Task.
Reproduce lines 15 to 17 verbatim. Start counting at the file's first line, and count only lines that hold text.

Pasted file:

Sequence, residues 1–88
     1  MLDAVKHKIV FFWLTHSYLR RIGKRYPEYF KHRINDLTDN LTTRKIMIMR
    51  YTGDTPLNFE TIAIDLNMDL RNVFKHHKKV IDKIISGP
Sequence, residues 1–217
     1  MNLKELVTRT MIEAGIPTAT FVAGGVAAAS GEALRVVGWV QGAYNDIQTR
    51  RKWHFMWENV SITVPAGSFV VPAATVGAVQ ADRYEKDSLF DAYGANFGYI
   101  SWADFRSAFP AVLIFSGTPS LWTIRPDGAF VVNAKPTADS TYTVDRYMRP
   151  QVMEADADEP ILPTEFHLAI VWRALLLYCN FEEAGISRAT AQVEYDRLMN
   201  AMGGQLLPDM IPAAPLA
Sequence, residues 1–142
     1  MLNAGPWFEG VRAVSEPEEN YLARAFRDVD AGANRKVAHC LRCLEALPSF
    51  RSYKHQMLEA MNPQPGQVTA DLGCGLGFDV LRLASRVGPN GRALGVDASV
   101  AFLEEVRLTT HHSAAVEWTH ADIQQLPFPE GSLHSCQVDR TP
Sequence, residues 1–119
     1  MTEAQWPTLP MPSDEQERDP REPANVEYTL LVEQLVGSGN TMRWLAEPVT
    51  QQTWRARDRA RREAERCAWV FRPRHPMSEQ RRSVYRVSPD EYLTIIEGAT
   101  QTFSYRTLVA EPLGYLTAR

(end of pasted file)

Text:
     1  MTEAQWPTLP MPSDEQERDP REPANVEYTL LVEQLVGSGN TMRWLAEPVT
    51  QQTWRARDRA RREAERCAWV FRPRHPMSEQ RRSVYRVSPD EYLTIIEGAT
   101  QTFSYRTLVA EPLGYLTAR